Effectiveness of posterior structures in the development of proximal junctional kyphosis following posterior instrumentation: A biomechanical study in a sheep spine model
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CitationKorkmaz, M., Akgul, T., Sariyilmaz, K., Ozkunt, O., Dikici, F., & Yazicioglu, O. (2019). Effectiveness of posterior structures in the development of proximal junctional kyphosis following posterior instrumentation: A biomechanical study in a sheep spine model. Acta orthopaedica et traumatologica turcica, 53(5), 385-389.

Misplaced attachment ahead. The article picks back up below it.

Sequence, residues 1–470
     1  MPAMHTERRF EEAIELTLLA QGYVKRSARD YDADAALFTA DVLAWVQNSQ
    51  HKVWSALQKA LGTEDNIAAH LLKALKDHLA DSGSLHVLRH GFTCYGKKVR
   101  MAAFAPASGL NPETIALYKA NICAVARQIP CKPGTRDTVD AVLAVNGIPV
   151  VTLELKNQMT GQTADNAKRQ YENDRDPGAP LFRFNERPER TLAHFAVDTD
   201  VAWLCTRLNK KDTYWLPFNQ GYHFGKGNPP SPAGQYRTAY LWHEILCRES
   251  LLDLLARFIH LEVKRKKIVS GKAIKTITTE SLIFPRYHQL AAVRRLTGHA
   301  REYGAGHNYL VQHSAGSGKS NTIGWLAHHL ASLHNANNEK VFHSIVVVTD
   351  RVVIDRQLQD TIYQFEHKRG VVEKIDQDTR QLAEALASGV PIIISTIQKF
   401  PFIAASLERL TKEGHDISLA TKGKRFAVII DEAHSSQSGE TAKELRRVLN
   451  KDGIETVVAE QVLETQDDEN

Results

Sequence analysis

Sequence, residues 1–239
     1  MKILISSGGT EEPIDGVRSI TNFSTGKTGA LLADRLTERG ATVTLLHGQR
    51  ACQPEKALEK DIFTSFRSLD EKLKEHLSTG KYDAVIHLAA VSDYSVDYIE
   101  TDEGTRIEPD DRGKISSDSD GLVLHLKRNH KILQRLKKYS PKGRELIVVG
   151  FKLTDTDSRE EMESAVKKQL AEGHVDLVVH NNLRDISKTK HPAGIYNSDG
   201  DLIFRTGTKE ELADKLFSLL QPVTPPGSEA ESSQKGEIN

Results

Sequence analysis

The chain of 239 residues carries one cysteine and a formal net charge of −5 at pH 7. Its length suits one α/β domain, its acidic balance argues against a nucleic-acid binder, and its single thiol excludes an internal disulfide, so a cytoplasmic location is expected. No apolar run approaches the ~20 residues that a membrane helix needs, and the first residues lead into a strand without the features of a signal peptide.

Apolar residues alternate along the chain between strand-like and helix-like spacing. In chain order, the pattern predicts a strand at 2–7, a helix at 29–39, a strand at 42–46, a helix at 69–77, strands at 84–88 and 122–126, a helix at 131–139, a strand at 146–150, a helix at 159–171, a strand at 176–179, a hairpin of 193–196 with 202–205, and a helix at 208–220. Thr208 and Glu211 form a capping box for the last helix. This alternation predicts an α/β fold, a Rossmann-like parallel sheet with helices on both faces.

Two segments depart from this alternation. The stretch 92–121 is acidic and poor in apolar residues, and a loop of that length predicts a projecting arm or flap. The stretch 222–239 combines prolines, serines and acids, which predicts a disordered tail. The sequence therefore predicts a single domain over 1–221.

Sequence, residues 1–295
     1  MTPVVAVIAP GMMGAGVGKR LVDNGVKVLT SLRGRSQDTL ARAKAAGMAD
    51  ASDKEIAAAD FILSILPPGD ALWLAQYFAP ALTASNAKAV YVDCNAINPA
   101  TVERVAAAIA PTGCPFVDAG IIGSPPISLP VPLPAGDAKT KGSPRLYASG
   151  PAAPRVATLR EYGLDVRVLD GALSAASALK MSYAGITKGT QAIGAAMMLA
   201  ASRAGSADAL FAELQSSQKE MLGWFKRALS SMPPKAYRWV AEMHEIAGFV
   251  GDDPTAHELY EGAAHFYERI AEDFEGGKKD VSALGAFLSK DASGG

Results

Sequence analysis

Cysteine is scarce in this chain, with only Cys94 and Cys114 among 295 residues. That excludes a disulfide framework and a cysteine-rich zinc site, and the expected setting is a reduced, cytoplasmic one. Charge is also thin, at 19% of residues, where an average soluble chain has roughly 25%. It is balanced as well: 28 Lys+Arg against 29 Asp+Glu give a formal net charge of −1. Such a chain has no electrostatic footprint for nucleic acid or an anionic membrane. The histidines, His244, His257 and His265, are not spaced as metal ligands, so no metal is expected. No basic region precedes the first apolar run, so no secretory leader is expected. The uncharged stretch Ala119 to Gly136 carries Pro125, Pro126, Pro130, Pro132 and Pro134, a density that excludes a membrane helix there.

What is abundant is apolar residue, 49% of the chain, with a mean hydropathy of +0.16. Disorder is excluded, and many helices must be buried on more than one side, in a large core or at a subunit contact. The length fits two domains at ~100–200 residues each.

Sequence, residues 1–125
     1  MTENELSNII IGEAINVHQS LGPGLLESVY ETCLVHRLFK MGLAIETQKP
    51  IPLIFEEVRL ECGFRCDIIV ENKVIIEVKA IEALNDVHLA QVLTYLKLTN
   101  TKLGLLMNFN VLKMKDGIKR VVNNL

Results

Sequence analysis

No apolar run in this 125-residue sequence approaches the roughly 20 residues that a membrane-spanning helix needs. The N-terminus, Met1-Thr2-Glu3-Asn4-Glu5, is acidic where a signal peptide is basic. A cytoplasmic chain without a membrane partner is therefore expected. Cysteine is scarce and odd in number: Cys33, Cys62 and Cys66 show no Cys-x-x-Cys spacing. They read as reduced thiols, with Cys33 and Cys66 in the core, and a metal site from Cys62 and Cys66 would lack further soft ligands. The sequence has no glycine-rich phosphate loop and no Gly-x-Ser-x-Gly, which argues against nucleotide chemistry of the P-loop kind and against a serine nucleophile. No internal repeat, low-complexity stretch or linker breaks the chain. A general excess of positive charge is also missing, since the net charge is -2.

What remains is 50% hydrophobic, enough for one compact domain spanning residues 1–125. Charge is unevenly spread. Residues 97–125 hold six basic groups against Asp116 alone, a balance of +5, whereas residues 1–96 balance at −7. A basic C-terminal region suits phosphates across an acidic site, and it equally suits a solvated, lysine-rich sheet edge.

Introduction: Proximal junctional kyphosis - PJK has been defined by a 10 or greater increase in kyphosis at the proximal junction as measured by the Cobb angle from the caudal endplate of the uppermost instrumented vertebrae (UIV) to the cephalad endplate of the vertebrae 1 segments cranial to the UIV. In this biomechanical study, it is aimed to evaluate effects of interspinosus ligament complex distruption and facet joint degeneration on PJK development. Materials and methods: Posterior instrumentation applied between T2 - T7 vertebrae using pedicle screws to randomly selected 21 sheeps, divided into 3 groups. First group selected as control group (CG), of which posterior soft tissue and facet joints are protected. In second group (spinosus group, SG) interspinosus ligament complex which 1 segment cranial to UIV has been transected, and third group (faset group-FG) was applied facet joint excision. 25 N, 50 N, 100 N, 150 N and 200 N forces applied at frequency of 5 Hertz as 100 cycles axial to the samples. Then, 250 N, 275 N and 300 N forces applied static axially. Interspinosus distance, kyphosis angle and discus heights was measured in radiological evaluation. Abnormal PJK was defined by a proximal junctional angle greater than 100 and at least 100 greater than the corresponding preoperative measurement. Results: In CG group, average interspinosus distancewas 6,6 +/- 1.54 mm and kyphosis angle was 2,2 +/- 0.46 degrees before biomechanical testing, and they were measured as 9,4 +/- 1.21 mm and 3,3 +/- 0.44 degrees respectively after forces applied to samples. In SG group, average interspinosus distance was 6,2 +/- 1.72 mm and kyphosis angle was 2,7 +/- 1.01 degrees before experiment, and they were measured as 20,8 +/- 5.66 mm and 15,1 +/- 2.34 degrees respectively after forces applied to samples. In FG group, average interspinosus distancewas 4,8 +/- 1.15 mm and kyphosis angle was -1 +/- 4.14 degrees before experiment, and they were measured as 11,1 +/- 1:96 mm and 11 +/- 2.87 degrees respectively after forces applied to samples. In comparison to group CG, statistically significant junctional kyphosis was seen on both FG and SG group after statistical analysis. (p < 0.05). PJK was seen statistically significant more on SG group than FG group. (p < 0.05). Not any statistically significant difference was seen on measurement of disk distances among three groups. (p > 0.05) Conclusions: Protecting interspinosus ligament complex and facet joint unity during posterior surgical treatment for spine deformation is vital to prevent PJK development. Based on our literature review, this is the first biomechanical study that reveals interspinosus ligament complex are more effective on preventing PJK development than facet joints. (C) 2019 Turkish Association of Orthopaedics and Traumatology. Publishing services by Elsevier B.V.